Overshoot and our options for a livable future

Humankind is facing peak everything[1]; this dilemma is the manifestation of exceeding the ecological/planetary boundaries of the planet. We have hit the ‘Limits to Growth’ we were warned about in the 1970s[2]. Crucially, and often ignored, climate change is just one symptom of a wider ecological overshoot which includes biodiversity loss, collapse in ecosystems, soil depletion, fished out oceans, pandemics (like Coronavirus) and much more. To put this exceedance into numbers our current ecological footprint exceeds our global bio-capacity by more than 73%[3].

Here in New Zealand we are not immune to these threats. The human population reached levels of consumption that exceed the ability of the planet to sustain it long-term by using fossil fuels and fossil fuel derived synthetic nitrogen. When we started this, we stopped living in the present and began living off the past.

This massive change purported to be a ‘green revolution’ – a product of human ingenuity, was simply a massive increase in fossil energy to artificially increase food production. Notwithstanding the fact that it allowed planetary overshoot, this one-off subsidy from the past (fossil fuel) is close to its end as the ‘easy energy pickings’ rapidly diminish[4].

In New Zealand this ‘green revolution’ has been evidenced most starkly in the South Island in the last 30 years of extreme landuse change from low intensity farming to highly intensive fossil fuel and water dependent dairy farming. The changes were dependent on appropriating water from rivers and aquifers and adding nitrogen fertilser and resulted in a raft of cultural, ecological, and human health impacts.

This is New Zealand’s version of the global problem of the industrial production of reactive nitrogen said by the European Science Foundation to “represent perhaps the greatest single experiment in global geo-engineering that humans have ever made”[5].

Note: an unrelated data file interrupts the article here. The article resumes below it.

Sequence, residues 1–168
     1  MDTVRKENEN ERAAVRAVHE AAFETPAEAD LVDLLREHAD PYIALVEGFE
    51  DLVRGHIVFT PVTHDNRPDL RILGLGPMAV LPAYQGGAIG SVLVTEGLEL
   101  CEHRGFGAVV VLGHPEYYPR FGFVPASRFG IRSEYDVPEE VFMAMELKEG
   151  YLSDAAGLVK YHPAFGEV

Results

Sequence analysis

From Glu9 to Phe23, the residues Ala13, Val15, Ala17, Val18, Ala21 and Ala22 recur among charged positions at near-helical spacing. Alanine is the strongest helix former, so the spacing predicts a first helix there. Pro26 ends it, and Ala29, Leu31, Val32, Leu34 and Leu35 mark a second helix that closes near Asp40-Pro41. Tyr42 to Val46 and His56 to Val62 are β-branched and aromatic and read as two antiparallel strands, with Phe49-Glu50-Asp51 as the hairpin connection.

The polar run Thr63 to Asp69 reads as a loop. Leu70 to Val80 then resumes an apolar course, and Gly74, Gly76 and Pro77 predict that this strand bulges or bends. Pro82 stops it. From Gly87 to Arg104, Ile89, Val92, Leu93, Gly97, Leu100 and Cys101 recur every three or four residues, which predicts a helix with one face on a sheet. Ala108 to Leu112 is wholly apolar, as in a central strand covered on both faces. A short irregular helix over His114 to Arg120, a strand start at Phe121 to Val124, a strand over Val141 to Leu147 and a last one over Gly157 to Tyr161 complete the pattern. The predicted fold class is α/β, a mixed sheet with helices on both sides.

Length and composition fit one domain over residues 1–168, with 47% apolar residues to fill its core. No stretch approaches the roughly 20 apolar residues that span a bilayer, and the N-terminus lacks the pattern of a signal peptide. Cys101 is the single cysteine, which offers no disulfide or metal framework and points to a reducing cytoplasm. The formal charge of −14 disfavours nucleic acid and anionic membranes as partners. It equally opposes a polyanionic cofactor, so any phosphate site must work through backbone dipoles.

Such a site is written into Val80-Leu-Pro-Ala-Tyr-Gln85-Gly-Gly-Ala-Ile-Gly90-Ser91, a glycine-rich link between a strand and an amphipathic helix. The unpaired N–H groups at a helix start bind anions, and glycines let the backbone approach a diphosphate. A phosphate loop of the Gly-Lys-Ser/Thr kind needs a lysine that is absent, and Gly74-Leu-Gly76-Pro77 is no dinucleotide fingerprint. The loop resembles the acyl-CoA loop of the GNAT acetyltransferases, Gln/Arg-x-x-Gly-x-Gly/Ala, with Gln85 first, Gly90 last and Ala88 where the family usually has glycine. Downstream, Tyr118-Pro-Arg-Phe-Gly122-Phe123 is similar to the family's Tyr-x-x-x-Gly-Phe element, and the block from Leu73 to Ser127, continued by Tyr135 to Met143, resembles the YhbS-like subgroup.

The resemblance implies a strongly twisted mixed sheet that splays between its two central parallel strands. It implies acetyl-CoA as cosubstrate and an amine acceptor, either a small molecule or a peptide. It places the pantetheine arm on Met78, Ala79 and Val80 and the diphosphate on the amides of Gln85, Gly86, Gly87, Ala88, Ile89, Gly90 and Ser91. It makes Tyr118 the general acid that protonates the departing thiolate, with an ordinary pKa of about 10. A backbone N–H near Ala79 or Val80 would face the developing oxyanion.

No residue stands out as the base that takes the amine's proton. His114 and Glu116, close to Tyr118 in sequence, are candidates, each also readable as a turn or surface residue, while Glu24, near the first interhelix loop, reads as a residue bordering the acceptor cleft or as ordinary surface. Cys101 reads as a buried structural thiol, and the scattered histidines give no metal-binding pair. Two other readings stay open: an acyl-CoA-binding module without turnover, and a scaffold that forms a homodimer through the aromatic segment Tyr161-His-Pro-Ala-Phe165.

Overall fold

There is now general acceptance that humankind must stop emitting carbon and thus stop using fossil fuels in the next few decades to have any hope to maintain the life-supporting-capacity of the planet. To be able to feed the burgeoning global population without fossil fuels and to stop emitting methane will require a drastic reduction in livestock (particularly ruminants) from human food and massive reductions in transporting and processing food. While this essential change will have many human and ecological health benefits it puts New Zealand in an extremely challenging position.

The future:

Logically and empirically it is impossible for perpetual economic and population growth to occur on a finite planet[6]. Thus, sustainable economic growth (an oxymoron) is not possible and empirical evidence on resource use and carbon emissions reveal the impossibility of “green growth”[7].

We have two options for the future: a planned, orderly contraction (de-growth) of our economy or we will have (and this has already begun) a far more disruptive contraction forced upon us by nature.

To have any hope of a future for mankind we must[8]:

  • Acknowledge that the economy is not separate from and is dependent on the biophysical environment.
  • Acknowledge the end of material growth and the need to drastically reduce the human ecological footprint.
  • Acknowledge that so long as we remain in overshoot, sustainable production/consumption means less production/consumption.
  • Admit that modern “renewable” energy options like wind turbines and solar panels are themselves dependent on fossil fuels and have no possibility of scaling up to replace current levels of fossil fuel powered lifestyles.
  • Recognise that equitable sustainability requires an economic levelling. There must be a redistribution of income, wealth, and opportunity. Greater equality is better for everyone.
  • Implement measures including pollution and resource depletion taxes to internalise costs and move society closer to full social cost pricing.

[1] https://richardheinberg.com/bookshelf/peak-everything

[2] https://advisory.kpmg.us/articles/2021/limits-to-growth.html

[3] https://www.nature.com/articles/s41893-021-00708-4#Abs1

[4] https://www.ncbi.nlm.nih.gov/pmc/articles/PMC3154242/

[5] the European Science Foundation Mark A. Sutton and Hans Van Grinsven, “European Nitrogen Assessment: Summary for Policy Makers,” 2011, http://www.nine-esf.org/files/ena_doc/ENA_pdfs/ENA_policy summary.pdf   

[6] https://escholarship.org/uc/energy_ambitions

[7] https://www.tandfonline.com/doi/full/10.1080/13563467.2019.1598964

[8] Adapted from https://www.mdpi.com/1996-1073/14/15/4508

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